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Bluetooth mouse has the followings details
A Bluetooth mouse is functionally no different from a typical mouse, except it has no wires. Instead of sending command signals on a wire through a USB port, it communicates the same commands through a wireless signal that your computer receives via Bluetooth technology. Without the cable, your desk is cleaner and more organized. There's also one less wire to tangle up, one less cable for someone to snag as they pass by your desk and one less distraction as you work. When a wireless Bluetooth mouse works properly, you forget that a wire ever existed.
The best Bluetooth mouse pairs with your computer or laptop automatically after the first time you pair it. You can sit down in the coffee shop, open your laptop and immediately start using your Bluetooth mouse. You don't have to untangle a cord, find a free USB port or go through a series of steps to connect it to your computer. It's that easy.
Bluetooth vs. Radio Frequency There are two wireless mouse technologies – Bluetooth and radio frequency (RF). Functionally, both wireless technologies send signals over the same 2.4GHz frequency. The major difference is the RF mouse requires a USB dongle to communicate with your computer. The advantage of this is that you can use it with any computer that has a USB port. A Bluetooth mouse only works with computers that recognize Bluetooth devices.
Fortunately, most computers and laptops on the market come with Bluetooth compatibility out of the box. Pairing your Bluetooth mouse is typically no more difficult than plugging one in a USB port. The major advantage of Bluetooth mice is their lack of a USB receiver. The USB dongles used by RF mice are the size of a nickel – easy to lose in a computer bag or backpack. If you lose the USB dongle, your RF mouse is no more than a fancy hand rest. In addition, using a Bluetooth mouse opens up a USB port, which enhances the overall functionality of your computer.
Cursor Accuracy & Functionality A Bluetooth mouse is only as good as its cursor accuracy, which depends on how well the optical sensor reads the surface of whatever you're working on. Since Bluetooth mice are intrinsically portable, you should consider a mouse that is accurate on many types of surfaces. It should work as well on your marble kitchen counters as it does on the table of your favorite coffee shop.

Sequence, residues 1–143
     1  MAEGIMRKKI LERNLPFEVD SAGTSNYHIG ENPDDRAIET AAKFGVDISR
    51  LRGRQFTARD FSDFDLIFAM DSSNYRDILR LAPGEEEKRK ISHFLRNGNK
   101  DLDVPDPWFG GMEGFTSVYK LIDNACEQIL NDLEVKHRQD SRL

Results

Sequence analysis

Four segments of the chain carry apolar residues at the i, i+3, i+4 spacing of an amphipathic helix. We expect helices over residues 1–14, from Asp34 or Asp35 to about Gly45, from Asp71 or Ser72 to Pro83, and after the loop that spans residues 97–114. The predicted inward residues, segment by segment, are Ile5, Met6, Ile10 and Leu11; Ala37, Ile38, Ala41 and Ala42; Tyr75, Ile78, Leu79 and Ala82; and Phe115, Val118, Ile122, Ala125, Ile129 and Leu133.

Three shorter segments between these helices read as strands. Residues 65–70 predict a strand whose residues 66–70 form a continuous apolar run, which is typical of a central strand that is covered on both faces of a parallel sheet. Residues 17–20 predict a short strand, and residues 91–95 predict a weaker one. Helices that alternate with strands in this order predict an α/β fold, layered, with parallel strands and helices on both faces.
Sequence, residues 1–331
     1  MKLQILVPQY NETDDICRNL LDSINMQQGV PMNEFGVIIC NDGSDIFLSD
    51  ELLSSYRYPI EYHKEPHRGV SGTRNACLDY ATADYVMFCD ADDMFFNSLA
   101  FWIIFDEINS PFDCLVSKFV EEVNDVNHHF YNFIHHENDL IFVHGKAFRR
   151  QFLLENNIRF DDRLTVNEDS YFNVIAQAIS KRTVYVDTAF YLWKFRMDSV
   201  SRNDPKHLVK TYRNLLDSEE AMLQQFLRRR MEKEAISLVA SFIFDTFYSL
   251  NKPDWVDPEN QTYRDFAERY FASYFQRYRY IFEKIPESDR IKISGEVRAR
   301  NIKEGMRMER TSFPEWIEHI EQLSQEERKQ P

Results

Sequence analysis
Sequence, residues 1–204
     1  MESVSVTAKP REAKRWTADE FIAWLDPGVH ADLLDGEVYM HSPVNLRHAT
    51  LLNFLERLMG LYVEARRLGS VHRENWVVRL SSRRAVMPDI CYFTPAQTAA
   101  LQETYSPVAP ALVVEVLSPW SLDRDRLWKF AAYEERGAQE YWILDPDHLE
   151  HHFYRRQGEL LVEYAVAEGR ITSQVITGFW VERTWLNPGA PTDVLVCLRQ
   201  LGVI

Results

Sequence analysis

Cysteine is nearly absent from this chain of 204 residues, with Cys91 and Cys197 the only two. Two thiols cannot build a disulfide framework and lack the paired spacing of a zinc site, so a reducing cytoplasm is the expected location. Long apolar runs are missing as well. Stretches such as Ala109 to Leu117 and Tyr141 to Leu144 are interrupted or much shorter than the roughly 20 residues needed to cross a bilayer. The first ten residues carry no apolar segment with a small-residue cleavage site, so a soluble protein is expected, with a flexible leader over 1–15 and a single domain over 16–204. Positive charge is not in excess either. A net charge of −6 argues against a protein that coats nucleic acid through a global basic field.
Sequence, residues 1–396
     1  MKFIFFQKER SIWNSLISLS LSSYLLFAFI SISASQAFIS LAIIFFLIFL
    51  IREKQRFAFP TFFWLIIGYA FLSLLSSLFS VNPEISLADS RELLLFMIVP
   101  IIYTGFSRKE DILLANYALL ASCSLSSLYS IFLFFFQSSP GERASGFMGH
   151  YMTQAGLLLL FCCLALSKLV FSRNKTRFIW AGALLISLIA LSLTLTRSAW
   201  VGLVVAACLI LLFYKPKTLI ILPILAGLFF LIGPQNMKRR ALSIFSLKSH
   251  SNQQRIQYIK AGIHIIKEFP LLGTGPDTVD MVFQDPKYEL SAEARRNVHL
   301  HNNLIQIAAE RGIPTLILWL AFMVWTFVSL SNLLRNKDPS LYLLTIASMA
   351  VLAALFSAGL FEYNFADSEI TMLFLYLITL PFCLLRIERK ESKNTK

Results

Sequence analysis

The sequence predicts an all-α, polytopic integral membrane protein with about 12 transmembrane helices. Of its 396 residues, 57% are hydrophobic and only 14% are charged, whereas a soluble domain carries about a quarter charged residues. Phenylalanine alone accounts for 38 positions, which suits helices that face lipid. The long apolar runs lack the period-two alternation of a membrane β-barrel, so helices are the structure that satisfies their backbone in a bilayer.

Next, you should consider the functionality of the mouse. Is it portable enough for you, or is it so bulky that it can’t leave your desktop? A portable mouse should easily slip into your pocket. What type of functions do you care about? On the most basic level, a mouse features two buttons and a scroll. If you need more functionality, you can find models with additional buttons or motion sensors that allow you to go back or forward to previous pages while browsing the internet. Some even allow you to customize the functions to your specific needs – like one button for copying text and another for pasting.
Grip Style After surface accuracy and functionality, you should consider your grip comfort. A mouse can feel like it was molded to your hand, but you won't use it for long if it lacks cursor accuracy and functionality. Likewise, a mouse can be very accurate and have lots of functions and buttons, but if it doesn't feel comfortable in your hand, you're not going to use it for long. Comfort is subjective because your hand size is unique. It can be impossible to determine a mouse's comfort before you've put your hand on it. As such, we considered the grip styles that each mouse can comfortably accommodate.
The best way to ensure you find a comfortable Bluetooth mouse is to analyze your grip before you purchase one. There are three types of common grip types – palm, claw and fingertip. It's common for people to unconsciously transition between different grips, depending on the type of work performed. Most Bluetooth mice are best for one type of grip but can comfortably accommodate other grip styles. However, some ergonomic mice only allow one type of grip, which can be awkward and uncomfortable if the grip is not one you often use.
Palm Grip With a palm grip, your entire palm rests on the mouse with your thumb off to the side and your index and middle fingers over the front. Most of the movement comes from the elbow and shoulder. A mouse designed for this grip is going to provide support to your palm, which means that it has a deep, rounded arch. These mice often incorporate rests that look like fins on the side that allow you to keep your thumb, ring and pinky fingers from dragging on the desktop. The rests often have additional buttons.
Claw Grip When you use a claw grip, the heel of your palm rests on the back of the mouse while the rest of the hand arches over the mouse until only fingertips touch. This grip is most common with gamers because the arched fingers provide more agility. These mice are smaller with simple curves and no finger rests, and the bulk of the movement comes from the elbow and shoulder.